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Mourning

Posted

Specializes in Long term care.

This is just me venting. I work 12 hour shifts in Ltc, a hospice pt passed away 30 min into my shift this morning, I can't help mourning over residents I take care of 40+ hours a week. I know it's part of the medical field, dealing with death but I can't help wondering, did I do everything I could to make residents comfortable in there ending days? When I'm the only charge nurse over 70 residents usually working short staffed on cnas, doing more paperwork then pt care. What kind of quality of life did they have when I was there nurse? Sorry this is sappy. I've been out of nursing school 1 year and still struggle with these things, I hate calling family members and telling them someone passed away. I hate the political side of nursing. I'm in school working on my rn now wondering if this is what I want to do the rest of my life. Thanks to anyone taking the time to read.

It's okay to mourn. You are still a human being at the end of the day. Just make sure you find a healthy way to deal with these losses. Venting is a great start...*hugs*

We often wonder if we really dud all that we could or our patients. Just remember to tell yourself that you did the best that you could and tried to provide the best care to all of your many patients.

There are many positions and places you could work as an RN. Maybe hospice isn't your niche, but, that doesn't mean nursing as a hole isn't for you. Of course, we all deal with death, but, certainly more than others (hospice). Politics, well, what job doesn't have politics?

Of course only you know what is right for you. Remember that you are human and it is okay to mourn but it is also good to find a nice outlet for yourself. Best wishes.

nursel56

Specializes in Peds/outpatient FP,derm,allergy/private duty. Has 45 years experience.

You've been out of nursing school for a year. People always say that the learning starts after graduation, which has some truth. The "emotional" learning takes place after graduation, too. There are lots of emotional "firsts".

It's part of growing into your role. I wouldn't think about throwing in the towel just because you wonder if there was something you could have done but didn't, unless you do it as a practical self-analysis for what to change or improve on the next patient who presents those challenges.

I started in peds a long time ago, and there are a handful of deaths that my eyes still fill with tears on remembering them. We're human. ((hugs))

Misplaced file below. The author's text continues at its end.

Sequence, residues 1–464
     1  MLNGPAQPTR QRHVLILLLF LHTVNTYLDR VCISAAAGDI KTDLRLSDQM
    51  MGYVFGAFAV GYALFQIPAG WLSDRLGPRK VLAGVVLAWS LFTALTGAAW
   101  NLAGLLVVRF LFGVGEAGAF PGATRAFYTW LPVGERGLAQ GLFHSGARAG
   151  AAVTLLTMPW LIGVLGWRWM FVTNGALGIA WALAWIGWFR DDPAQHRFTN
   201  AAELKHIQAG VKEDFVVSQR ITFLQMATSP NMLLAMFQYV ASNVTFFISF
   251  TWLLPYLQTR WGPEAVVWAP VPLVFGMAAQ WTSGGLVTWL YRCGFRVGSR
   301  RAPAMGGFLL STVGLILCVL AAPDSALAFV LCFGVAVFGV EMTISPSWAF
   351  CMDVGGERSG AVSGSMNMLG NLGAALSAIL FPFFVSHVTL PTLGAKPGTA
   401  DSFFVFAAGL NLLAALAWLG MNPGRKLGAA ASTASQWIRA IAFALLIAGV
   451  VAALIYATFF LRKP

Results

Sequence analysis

Nightowl_lpn

Specializes in Long term care.

Thank you for your replies and words of encouragement. I know I want to do nursing as a career. Just has it's bad days, also has some amazing moments where I think to myself, this is why I became a nurse . I need better stress outlets. Then my poor husbands ears :/

SeattleJess

Specializes in None yet..

Your feelings are your gifts because they reveal your values and what matters to you as a human being. I'm guessing there's compassion, support, equality, all manner of noble values beneath your sadness.

That said, there's always a temptation to compare what we can or did do to some theoretical "perfect" action. I'm just starting out, too, but I'm guessing we're both on a long path where we're learning about "good enough." Compare what happened to what might have happened without you, not what might have happened if you were some mythic perfect being in mythic perfect circumstances. As others have said, we're human. Or as a friend said to me, "Take off the God suit!"

We do need stress outlets and we also can't push our feelings away. Find your outlets to direct them, but don't try to stop your flow of emotions. Have a good cry and then a good workout (or massage or...), connect with gratitude for this life we're given and then lather, rinse, repeat. (I still cry sometimes remembering my father who died a year and a half ago.)

And yes, yes, yes about finding the better outlet(s)! I truly believe that most straight men are wired differently than most straight women. They are focused on problem-solving and protecting and can get bent into agony listening to "their" women talk about feelings. I've learned that I need to limit the quantity of time I spend doing this with my hubby (admittedly, I need more progress in this area!) and to pepper my talk with reassurances that he's helping me, solving my problem by listening, is a great listener, etc.

If anyone ever tells you not to feel or have emotions about the people you put your life on the line for, just walk away. They are not worth the energy to formulate a response.

tnbutterfly - Mary, BSN, RN

Specializes in Peds, Med-Surg, Disaster Nsg, Parish Nsg.

I totally understand...... Being a new nurse is hard. Experiencing death is something that should always cause a sense of grief.....whether you have been a nurse for 1 year or 30 years. The moment you stop feeling is the moment when you should consider another career. Although you may still feel that sadness and grief, you will learn how to work through it.

For some help and understanding......and to know that you aren't alone in feeling how you do, please read When Nurses Cry.

NurseQT

Has 10+ years experience.

I would hate to know my caregivers DIDN'T mourn my passing after I'm gone... Every human life is precious and deserves to be mourned. You wouldn't be a compassionate nurse if you didn't mourn a death even just a lil bit.